Tuesday, April 22, 2014

Cherry Juice or Pickle Juice?

Most runners know that running long distances usually comes with some soreness, but very few runners understand what is going on in their muscles and joints that make them sore or know how to deal with the problem.  A recent article in the Wall Street Journal explained why long distance runners get pains and tightness in their legs and muscles.  The article also provided runners with two surprising, but effective remedies to help combat their pain: cherry juice and pickles.

Experts say that pain and tightness in the legs usually occur because there is some micro-tearing going on inside of the muscles, which can’t function well under such high levels of stress. When this happens, the insides of the muscles become inflamed, causing pain and soreness. This is where the cherry juice helps. Cherry juice is rich in antioxidants, which fight some of the muscle inflammation from the micro-tears that cause pain.  Several studies have shown that runners who drink the equivalent of 45-50 cherries (one serving of Cheribundi) before, during, and after a race, experience less pain and inflammation than those who do not.  Over 90 professional sports teams and hundred of professional athletes drink Cheribundi to reduce pain, train harder, and recover faster.

In addition to hurting from micro-tears, muscles begin to become soar and stop functioning like they should when they no longer have the proper amount of electrolytes, which conduct electrical impulses that enable muscle cells to contract. This is where the pickle juice comes in. Electrolytes are formed in sodium, and while sports drinks have electrolytes, pickle juice has about as much concentrated sodium as any liquid that athletes have been able to stomach during intense exercise.

Although pickle juice isn't widely available at most marathon water stations, drinking it is not a new strategy. The Philadelphia Eagles drank it during a 2000 game against the Dallas Cowboys when it was 109 degrees. The Eagles won.

Sources: WSJ Online 

Tuesday, April 1, 2014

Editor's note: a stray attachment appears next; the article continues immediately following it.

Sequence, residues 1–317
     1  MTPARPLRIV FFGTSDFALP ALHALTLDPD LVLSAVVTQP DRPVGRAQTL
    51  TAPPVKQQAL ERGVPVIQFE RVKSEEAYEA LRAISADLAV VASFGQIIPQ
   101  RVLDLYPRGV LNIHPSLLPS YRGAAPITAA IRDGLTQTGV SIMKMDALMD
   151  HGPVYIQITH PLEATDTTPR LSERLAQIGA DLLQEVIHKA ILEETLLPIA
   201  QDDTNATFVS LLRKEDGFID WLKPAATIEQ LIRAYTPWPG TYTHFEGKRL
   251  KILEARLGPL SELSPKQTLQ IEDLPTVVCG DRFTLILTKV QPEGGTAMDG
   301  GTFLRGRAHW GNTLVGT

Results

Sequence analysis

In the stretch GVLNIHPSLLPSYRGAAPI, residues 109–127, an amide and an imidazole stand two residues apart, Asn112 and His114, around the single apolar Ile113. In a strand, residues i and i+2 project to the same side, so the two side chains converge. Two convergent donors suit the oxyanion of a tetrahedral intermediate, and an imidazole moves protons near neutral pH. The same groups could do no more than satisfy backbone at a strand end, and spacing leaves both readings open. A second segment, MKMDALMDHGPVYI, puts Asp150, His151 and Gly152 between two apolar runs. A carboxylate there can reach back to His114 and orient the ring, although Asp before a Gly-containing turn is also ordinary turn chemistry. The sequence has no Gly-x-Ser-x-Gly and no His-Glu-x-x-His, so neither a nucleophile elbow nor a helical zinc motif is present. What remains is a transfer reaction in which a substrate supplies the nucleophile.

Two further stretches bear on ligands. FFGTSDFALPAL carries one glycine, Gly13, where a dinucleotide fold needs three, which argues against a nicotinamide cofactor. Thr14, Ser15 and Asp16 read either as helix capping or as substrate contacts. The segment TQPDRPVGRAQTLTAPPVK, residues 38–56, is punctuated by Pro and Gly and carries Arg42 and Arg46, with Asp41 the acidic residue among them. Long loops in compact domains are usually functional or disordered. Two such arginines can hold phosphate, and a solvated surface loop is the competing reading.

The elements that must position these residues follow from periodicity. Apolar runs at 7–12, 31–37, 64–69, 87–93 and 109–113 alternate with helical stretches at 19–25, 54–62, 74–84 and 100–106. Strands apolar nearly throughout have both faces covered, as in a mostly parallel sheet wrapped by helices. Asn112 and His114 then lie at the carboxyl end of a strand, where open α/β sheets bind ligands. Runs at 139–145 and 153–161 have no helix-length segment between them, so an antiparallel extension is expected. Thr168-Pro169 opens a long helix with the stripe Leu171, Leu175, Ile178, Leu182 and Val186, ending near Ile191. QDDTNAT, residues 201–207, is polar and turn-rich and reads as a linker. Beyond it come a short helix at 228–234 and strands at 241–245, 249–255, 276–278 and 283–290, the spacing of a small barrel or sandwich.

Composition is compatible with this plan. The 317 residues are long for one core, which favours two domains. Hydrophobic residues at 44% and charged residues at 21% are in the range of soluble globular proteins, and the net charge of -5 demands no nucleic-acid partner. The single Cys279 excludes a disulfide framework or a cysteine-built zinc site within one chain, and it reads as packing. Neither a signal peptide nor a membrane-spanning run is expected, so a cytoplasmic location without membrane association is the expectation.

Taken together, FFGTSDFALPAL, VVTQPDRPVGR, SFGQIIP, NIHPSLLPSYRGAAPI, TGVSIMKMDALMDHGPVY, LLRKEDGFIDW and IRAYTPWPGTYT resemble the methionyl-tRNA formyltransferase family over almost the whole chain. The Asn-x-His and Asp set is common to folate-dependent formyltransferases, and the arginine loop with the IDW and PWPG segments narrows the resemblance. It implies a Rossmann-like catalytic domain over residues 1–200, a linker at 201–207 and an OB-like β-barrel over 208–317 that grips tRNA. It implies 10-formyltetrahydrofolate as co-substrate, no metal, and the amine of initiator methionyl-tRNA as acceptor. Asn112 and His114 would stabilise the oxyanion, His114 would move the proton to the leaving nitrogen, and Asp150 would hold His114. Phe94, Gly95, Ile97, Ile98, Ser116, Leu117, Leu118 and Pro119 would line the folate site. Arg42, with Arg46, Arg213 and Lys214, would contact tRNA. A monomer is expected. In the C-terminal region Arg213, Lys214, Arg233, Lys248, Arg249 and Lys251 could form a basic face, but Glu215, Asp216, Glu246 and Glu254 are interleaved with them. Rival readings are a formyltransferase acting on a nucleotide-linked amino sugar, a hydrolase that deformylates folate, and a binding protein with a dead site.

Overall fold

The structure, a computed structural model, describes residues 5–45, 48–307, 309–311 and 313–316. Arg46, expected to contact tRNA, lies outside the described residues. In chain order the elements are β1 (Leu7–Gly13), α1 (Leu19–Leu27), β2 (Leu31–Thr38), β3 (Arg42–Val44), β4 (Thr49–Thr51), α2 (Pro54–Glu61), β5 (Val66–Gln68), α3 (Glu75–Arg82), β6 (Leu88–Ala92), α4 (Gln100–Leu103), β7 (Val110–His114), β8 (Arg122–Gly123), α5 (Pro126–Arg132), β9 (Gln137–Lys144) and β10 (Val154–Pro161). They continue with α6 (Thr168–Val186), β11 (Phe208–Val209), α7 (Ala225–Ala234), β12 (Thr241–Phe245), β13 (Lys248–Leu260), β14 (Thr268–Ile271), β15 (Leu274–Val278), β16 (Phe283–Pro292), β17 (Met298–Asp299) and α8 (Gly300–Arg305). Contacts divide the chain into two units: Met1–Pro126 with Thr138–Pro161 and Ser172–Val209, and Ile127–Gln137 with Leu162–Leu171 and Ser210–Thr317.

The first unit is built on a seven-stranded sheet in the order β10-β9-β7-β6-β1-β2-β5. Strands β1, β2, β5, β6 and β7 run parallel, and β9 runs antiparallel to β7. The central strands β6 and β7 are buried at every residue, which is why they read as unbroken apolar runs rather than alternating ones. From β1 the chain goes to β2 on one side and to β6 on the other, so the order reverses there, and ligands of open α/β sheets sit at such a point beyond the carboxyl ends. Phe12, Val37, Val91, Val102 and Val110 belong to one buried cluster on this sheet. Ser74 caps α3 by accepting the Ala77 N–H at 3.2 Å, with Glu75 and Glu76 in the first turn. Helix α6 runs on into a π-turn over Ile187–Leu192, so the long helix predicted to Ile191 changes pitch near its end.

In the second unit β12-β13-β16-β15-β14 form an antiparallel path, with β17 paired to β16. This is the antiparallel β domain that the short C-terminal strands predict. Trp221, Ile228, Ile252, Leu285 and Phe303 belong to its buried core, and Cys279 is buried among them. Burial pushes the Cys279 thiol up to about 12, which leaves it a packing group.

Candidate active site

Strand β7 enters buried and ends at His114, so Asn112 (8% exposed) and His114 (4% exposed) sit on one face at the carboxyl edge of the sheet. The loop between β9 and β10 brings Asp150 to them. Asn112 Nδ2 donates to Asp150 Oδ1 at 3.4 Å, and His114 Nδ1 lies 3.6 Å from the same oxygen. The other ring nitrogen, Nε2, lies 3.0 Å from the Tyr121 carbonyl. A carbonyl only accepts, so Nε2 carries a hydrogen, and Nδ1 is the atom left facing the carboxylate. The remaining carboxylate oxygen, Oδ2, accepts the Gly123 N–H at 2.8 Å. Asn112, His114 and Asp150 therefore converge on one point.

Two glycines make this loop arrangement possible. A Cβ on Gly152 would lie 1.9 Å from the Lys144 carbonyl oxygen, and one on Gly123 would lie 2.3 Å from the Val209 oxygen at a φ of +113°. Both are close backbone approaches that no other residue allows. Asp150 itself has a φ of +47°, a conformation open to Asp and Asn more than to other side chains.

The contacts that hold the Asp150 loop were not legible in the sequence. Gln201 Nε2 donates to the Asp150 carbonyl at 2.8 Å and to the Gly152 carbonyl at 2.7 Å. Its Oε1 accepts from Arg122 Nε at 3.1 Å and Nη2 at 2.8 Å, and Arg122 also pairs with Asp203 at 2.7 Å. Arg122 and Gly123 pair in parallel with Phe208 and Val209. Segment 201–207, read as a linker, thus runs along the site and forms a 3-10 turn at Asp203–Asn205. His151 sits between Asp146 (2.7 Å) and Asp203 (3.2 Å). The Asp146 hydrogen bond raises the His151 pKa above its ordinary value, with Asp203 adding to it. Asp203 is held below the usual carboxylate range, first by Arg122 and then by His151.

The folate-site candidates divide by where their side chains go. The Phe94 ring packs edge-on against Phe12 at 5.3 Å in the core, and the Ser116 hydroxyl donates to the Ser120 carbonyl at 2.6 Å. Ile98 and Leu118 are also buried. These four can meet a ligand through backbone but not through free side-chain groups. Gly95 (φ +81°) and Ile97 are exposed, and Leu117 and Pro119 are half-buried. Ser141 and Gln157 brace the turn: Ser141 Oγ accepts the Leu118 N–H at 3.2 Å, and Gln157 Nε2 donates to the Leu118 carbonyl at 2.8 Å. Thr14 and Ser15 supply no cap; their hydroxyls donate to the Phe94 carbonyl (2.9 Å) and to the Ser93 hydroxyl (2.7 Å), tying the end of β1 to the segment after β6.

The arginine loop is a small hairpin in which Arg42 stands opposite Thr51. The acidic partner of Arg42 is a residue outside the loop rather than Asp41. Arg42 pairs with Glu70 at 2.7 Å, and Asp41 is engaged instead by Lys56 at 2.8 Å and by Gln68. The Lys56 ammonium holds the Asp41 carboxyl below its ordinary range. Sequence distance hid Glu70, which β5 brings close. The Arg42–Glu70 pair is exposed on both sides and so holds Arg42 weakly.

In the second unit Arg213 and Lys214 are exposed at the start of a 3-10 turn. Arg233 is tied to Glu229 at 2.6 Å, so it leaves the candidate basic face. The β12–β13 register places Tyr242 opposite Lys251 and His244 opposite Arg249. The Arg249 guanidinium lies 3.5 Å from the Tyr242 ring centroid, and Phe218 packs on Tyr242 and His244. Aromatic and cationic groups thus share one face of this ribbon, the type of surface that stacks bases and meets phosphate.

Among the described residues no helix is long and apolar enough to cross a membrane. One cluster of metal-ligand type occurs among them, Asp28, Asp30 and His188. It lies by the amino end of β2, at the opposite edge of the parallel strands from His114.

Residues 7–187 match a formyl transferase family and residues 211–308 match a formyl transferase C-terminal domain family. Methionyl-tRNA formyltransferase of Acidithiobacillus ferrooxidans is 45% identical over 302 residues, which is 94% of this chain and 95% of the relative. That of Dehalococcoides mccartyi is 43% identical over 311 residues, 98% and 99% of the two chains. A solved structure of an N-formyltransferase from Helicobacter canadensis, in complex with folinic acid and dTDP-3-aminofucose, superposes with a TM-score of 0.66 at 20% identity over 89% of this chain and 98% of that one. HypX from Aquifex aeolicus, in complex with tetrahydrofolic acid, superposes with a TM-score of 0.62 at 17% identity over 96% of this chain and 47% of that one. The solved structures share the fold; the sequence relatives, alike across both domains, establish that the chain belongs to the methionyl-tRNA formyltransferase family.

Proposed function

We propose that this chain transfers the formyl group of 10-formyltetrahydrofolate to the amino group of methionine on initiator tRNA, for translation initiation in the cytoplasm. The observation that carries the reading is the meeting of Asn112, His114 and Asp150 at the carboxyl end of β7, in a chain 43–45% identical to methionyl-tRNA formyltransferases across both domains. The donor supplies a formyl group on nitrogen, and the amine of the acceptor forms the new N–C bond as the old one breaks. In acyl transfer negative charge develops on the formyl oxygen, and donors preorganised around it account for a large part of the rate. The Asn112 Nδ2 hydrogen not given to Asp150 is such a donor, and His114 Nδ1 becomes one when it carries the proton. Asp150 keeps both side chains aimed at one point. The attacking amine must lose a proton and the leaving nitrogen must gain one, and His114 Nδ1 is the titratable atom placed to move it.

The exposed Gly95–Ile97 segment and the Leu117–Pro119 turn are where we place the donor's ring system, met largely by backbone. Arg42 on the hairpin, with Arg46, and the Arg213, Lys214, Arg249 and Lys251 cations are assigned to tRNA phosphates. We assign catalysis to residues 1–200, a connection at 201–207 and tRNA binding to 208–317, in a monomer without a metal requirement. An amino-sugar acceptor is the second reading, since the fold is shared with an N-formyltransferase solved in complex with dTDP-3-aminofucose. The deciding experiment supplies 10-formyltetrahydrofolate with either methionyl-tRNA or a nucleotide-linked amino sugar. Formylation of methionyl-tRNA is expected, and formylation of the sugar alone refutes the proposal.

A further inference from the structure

Slim Down for Summer with America's Superfruit

If you’re looking to slim down and eat well this summer, try adding tart cherries to your diet. Research shows that adding tart cherries to your diet can prevent weight gain and even encourage weight loss.

In a study conducted by the University of Michigan, researchers found that tart cherries have significant weight management benefits, including reduced triglyceride and cholesterol levels.

Tart cherries are high in anthocyanins, a highly potent type of antioxidant that promotes healthy oxidation of fat (fat burning).  These antioxidants may help prevent fat storage in the liver, one of the most dangerous places to store fat because the liver produces triglycerides. When less fat is stored in the liver, the liver doesn’t produce as many triglycerides or release inflammatory substances, resulting in lowering the body’s triglyceride levels.  All of these changes help protect you from weight gain.

Tart cherries are also high in fiber, which will keep you feeling full longer. According to a recent study in the Journal of Nutrition, you can prevent weight gain and encourage weight loss by adding more fiber to your diet.  In this study, Researchers followed the eating habits of women for two years and found that those who increased their fiber intake generally lost weight. During the study, they discovered that increasing fiber intake by 8 grams for every 1,000 calories resulted in about 4 ½ pounds of weight loss.

There are many ways you can add 8 grams of fiber to your diet. My trick is drinking a Cheribundi smoothie every morning for breakfast. I mix a frozen cherry puree packet with a cup of frozen berries, a banana, and a splash of apple juice. Cheribundi smoothie packs have helped me boost my fiber intake before I even start my workday. Click here to learn more about the benefits of tart cherries. 

Sources: Sources: University of Michigan Health System, The Journal of Nutrition, National College of Natural, Health and Science’s Library UCD